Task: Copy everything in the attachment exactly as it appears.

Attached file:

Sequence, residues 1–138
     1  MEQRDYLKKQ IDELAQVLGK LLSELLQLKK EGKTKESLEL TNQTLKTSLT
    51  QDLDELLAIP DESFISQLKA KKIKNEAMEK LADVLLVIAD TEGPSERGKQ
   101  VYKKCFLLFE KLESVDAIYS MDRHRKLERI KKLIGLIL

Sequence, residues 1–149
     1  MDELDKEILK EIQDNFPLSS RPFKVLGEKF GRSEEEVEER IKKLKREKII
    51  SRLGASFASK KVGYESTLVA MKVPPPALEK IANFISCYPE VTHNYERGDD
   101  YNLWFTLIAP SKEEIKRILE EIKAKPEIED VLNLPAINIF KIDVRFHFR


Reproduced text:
Sequence, residues 1–138
     1  MEQRDYLKKQ IDELAQVLGK LLSELLQLKK EGKTKESLEL TNQTLKTSLT
    51  QDLDELLAIP DESFISQLKA KKIKNEAMEK LADVLLVIAD TEGPSERGKQ
   101  VYKKCFLLFE KLESVDAIYS MDRHRKLERI KKLIGLIL

Sequence, residues 1–149
     1  MDELDKEILK EIQDNFPLSS RPFKVLGEKF GRSEEEVEER IKKLKREKII
    51  SRLGASFASK KVGYESTLVA MKVPPPALEK IANFISCYPE VTHNYERGDD
   101  YNLWFTLIAP SKEEIKRILE EIKAKPEIED VLNLPAINIF KIDVRFHFR